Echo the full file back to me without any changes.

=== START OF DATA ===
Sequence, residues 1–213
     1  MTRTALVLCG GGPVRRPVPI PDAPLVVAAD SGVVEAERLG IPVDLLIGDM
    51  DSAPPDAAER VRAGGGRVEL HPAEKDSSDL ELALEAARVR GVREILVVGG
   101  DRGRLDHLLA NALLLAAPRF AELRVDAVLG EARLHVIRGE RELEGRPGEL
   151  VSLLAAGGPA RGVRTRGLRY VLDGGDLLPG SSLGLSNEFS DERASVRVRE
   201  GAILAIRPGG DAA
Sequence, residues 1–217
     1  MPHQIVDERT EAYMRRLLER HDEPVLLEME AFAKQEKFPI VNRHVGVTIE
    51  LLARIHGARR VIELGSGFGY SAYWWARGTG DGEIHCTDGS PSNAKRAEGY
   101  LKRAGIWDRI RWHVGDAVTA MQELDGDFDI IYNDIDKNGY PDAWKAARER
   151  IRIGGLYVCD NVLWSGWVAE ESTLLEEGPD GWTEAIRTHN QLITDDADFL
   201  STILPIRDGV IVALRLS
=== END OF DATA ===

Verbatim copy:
Sequence, residues 1–213
     1  MTRTALVLCG GGPVRRPVPI PDAPLVVAAD SGVVEAERLG IPVDLLIGDM
    51  DSAPPDAAER VRAGGGRVEL HPAEKDSSDL ELALEAARVR GVREILVVGG
   101  DRGRLDHLLA NALLLAAPRF AELRVDAVLG EARLHVIRGE RELEGRPGEL
   151  VSLLAAGGPA RGVRTRGLRY VLDGGDLLPG SSLGLSNEFS DERASVRVRE
   201  GAILAIRPGG DAA
Sequence, residues 1–217
     1  MPHQIVDERT EAYMRRLLER HDEPVLLEME AFAKQEKFPI VNRHVGVTIE
    51  LLARIHGARR VIELGSGFGY SAYWWARGTG DGEIHCTDGS PSNAKRAEGY
   101  LKRAGIWDRI RWHVGDAVTA MQELDGDFDI IYNDIDKNGY PDAWKAARER
   151  IRIGGLYVCD NVLWSGWVAE ESTLLEEGPD GWTEAIRTHN QLITDDADFL
   201  STILPIRDGV IVALRLS